• Debbie Donnelly Funeral Celebrant

What is a Celebration of Life Ceremony?

Just as there are many different ways to live a life there are many different ways to celebrate, remember or mourn the death of a loved one.

The term ‘Celebration of Life’ has become more common over the past decade and this blog talks about what to consider when thinking about the type of service to have.

Many articles point to the baby boomers spearheading the move to alternative and different or less traditional funerals. What started with the wearing of a colour, using a civil celebrant, having a wool coffin and the playing of a favourite song has developed into people wanting to be able to plan personalised and bespoke services that focus on the person and their life, often with little reference to tradition. Rather than mourning, people can celebrate who they were and what they did in a way that feels right.

Are there any rules?

Other than respecting the written or spoken instruction of the deceased it is up to the family or friends to decide what would be fitting and right.

The following list of considerations may help decide whether a Celebration of life is the right choice.

Venue: Do you want a service in a traditional chapel or crematorium or in a less formal setting

Timing: Will the service be held shortly after the death or at a later date after the cremation, will it be during the daytime or evening.

Formal/informal: Who will lead the ceremony, how will it be structured.

Secular/ Religious/ Spiritual: What would they want- maybe a mix, how do these fit together.

Music: Will music be used to remember, celebrate or to mourn.

If you decide to have a Celebration of Life service it is important to remember that each person attending the event will have had a different relationship with the deceased and may not know their whole story. Having a eulogy or tribute can allow people to know and appreciate their whole life and will give structure to the ceremony. There is no formula for a successful event but the following are worth considering.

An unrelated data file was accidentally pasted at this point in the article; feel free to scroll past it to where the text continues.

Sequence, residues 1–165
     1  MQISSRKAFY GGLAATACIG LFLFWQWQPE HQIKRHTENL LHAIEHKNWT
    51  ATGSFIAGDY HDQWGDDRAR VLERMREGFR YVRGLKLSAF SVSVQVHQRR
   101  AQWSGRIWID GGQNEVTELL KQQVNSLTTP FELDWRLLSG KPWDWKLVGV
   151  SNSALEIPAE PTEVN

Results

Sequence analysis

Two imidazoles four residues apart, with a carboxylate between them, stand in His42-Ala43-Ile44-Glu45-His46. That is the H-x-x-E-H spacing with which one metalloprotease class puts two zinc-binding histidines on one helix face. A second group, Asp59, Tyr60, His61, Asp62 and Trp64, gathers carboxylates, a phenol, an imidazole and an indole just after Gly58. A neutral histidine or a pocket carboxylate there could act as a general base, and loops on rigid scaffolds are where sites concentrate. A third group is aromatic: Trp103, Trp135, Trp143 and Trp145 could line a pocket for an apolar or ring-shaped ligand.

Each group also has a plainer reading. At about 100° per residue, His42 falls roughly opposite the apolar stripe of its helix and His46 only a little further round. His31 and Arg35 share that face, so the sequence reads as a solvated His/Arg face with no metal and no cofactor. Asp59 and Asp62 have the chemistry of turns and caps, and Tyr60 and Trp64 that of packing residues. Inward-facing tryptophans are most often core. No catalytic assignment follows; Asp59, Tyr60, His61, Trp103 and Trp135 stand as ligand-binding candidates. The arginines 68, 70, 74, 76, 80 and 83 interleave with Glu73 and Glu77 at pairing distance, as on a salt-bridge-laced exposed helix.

Speeches and tributes that are short, pre-written and heartfelt are often received better than ad hoc, lengthy deliveries, no matter how genuine. Music can lift the mood and set the scene so the choice of any opening or closing music will have more impact if it is chosen for the person rather than the occasion. A Celebration of Life can be a space for humour and laughter especially if it is a trait that people will associate with the deceased. Finding ways to involve people by the lighting of candles, writing something for a memory tree or asking people to bring photographs for a memory board or book will allow people to participate and feel included.

People may not know what to expect so being clear in your invitation will help people better understand what to expect and what is expected of them.

‘Jill never wanted a traditional funeral so being able to invite you to this Celebration of her Life at one of her favourite places means a lot to us as a family. We are asking people to bring a photograph or memory of their time with her and hope that you will stay for afternoon tea and share some of your memories with friends and family. The ceremony will include some of her favourite music, a formal tribute from a celebrant and readings from family and friends. As Jill always enjoyed a ‘bit of a do’ and a reason to have her hair done we would ask you to dress in your brightest and best’

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